Our 2 weeks in Mexico itinerary explores underrated Mexico City, ancient ruins lurking in deep jungle, hidden waterfalls, cenotes and some of the best beaches in the world.
Mexico is a proud mix of Mesoamerican heritage and Spanish colonialism. Aztec and Maya ruins poking through towering trees and twisting vines recall an ancient empire. Monstrous catholic cathedrals peering over picture-perfect towns demonstrate the influence of European conquerors.
The fusion of old and new, of American and European can be found in tasty food, creative cocktails and modern art.
Mexico’s palm-fringed white sand beaches are some of the best in the world. Azure blue seas contain reefs with a plethora of colourful fish, moray eels and sharks. It’s an exciting and varied destination to experience some truly great moments.
But it’s also vast and a 2-week Mexico itinerary can only scratch the surface. Therefore, this itinerary covers the highlights of the southern and eastern half of the country, avoiding the few more difficult places to visit in Mexico.
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HOW WE PUT THIS ITINERARY TOGETHER?
We spent 1 month in Mexico, heading from Mexico City down to the Pacific coast before going east to the Caribbean. Such a long road trip in Mexico was not without its challenges which we cover extensively in our Mexico road trip guide.
Based our experience driving around for a month, we have put together this itinerary to cover what you can see in 2 weeks while removing a lot of the stress of very long drives through some less-safe regions in Mexico.
The result is a fantastic 2-week itinerary which covers some of the best attractions Mexico has to offer.
However, this does mean we have some exclusions. We would love to have included the cultural capital of Oaxaca and the indigenous region of San Cristobal de las Casas, but those areas are more challenging to visit, less safe to visit on a road trip and would require more time.
DAY 1-3 / MEXICO CITY & TEOTIHUACÁN
We recommend starting your Mexico itinerary with 3 days in Mexico City.
A vastly underrated city, it has world-class museums, fascinating modern art, intriguing communist connections and a wild array of superb colonial buildings.
All the details are on our Mexico City itinerary, some of the main highlights include:
History // Explore the main sights of the Centro Historico including, Zocalo (the main Square), Templo Mayor and the Palacio Nacional.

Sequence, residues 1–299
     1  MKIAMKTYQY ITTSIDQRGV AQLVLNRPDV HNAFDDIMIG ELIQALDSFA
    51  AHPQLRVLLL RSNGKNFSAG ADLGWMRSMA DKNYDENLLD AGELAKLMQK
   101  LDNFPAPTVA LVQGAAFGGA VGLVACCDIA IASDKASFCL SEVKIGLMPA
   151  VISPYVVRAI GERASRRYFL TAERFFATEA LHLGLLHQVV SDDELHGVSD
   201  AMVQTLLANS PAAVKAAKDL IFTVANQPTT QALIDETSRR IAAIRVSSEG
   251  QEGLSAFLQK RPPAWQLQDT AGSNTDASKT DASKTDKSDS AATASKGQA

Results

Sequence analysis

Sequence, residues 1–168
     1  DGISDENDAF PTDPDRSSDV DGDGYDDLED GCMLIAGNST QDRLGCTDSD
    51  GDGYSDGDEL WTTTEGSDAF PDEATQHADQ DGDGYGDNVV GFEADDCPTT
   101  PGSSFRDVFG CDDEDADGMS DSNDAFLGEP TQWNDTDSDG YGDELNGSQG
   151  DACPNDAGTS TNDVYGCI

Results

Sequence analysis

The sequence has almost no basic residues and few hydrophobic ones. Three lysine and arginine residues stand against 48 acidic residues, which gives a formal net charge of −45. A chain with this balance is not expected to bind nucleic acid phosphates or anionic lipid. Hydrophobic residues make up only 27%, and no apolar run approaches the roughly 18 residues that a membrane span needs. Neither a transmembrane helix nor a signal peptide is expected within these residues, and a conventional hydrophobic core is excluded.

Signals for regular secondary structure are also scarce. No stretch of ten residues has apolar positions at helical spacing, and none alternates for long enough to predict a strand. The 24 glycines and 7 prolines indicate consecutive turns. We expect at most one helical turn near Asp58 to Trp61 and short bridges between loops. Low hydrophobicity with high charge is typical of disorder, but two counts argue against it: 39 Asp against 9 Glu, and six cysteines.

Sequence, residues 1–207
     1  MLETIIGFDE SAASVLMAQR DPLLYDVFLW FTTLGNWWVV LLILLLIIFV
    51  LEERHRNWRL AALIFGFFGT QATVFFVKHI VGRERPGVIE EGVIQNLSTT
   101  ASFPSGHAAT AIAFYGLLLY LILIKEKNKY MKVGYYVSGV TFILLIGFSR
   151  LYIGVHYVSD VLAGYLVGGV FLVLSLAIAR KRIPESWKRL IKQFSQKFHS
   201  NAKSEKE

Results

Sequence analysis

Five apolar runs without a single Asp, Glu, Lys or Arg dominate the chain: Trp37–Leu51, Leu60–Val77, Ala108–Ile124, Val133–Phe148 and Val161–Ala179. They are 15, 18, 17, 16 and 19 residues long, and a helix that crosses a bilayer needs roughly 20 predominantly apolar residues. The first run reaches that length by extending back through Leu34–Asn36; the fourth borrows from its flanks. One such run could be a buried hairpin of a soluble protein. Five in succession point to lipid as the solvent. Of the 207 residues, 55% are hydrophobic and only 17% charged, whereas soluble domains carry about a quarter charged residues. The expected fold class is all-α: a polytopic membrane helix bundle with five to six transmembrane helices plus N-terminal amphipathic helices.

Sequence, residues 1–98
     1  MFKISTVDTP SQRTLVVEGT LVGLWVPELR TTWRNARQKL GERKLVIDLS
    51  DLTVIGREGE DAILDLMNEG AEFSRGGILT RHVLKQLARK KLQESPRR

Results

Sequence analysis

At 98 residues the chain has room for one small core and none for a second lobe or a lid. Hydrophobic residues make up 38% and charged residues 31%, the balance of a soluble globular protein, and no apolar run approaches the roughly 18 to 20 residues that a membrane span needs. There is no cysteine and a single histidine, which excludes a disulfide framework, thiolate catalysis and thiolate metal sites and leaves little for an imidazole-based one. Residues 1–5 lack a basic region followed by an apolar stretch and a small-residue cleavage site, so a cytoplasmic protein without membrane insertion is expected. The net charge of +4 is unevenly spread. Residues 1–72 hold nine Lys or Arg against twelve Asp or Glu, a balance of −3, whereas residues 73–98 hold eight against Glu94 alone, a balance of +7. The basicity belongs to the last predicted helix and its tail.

Museums // Visit the fascinating Anthropological Museum in Chapultepec, the evocative Frida Kahlo Museum in the lovely suburb of Coyoacán, and the beautiful Bellas Art Gallery.
Day Trip // Head out to the remarkable pyramids of teh Sun and Moon at Teotihuacán.
On day 4, take a flight from Mexico City to Villahermosa and hire a car from the airport for 3 days. We recommend rentalcars.com who compare prices across all the major car rental companies. Read our guide to driving in Mexico for more tips.
Make the two-hour drive south to Palenque. In the afternoon, check out the chilled cafes and bars among the tree-lined streets of the town centre. In the evening head to El Panchán for the backpacking vibe, cheap food, wide-ranging cocktails and lively music.
On day 5 of your 2-week Mexico itinerary wake up early and head to Palenque Ruins. This Maya city was at its peak in the 9th century, but during the great Maya collapse the locals deserted it for Yucatán. What is left now are a beautiful array of ruined temples, palaces and carved bas-reliefs.
Arrive at opening time when tourist numbers and temperatures are both low. At this time in the morning, the light filtering through the jungle canopy caters for some beautiful photography. It takes 2 to 3 hours to look around.
WILD SWIMMING NEAR PALENQUE
Next, explore some of the waterfalls that lurk in the valleys and hills of the state of Chiapas. Drive west to Agua Azul, a gently flowing series of waterfalls turned turquoise by the mineral deposits in the water. Near the parking area, there are a collection of restaurants and cafes to grab lunch. It’s all a bit touristy but walk upstream a few hundred meters and the day-trippers dither away.
On the return drive to Palenque, stop at Misol Há, a much quieter and more serene destination to take a swim. A single waterfall descends into a natural pool surrounded by jungle at one of the best waterfalls in Mexico.
The ruins of Yaxchilán are set deep in the jungle and can only be reached by boat. They’re not as complete as Palenque, but their remote location and fewer visitors make it an excellent destination.
Leave Palenque early and drive to the pier at Frontera Corozal. At the pier hire a boat to take you upstream to the ruins. All boats use the same operator and a set price, which includes the return journey but not the entrance tickets. The rate is per boat, so consider sharing with other visitors to reduce the cost.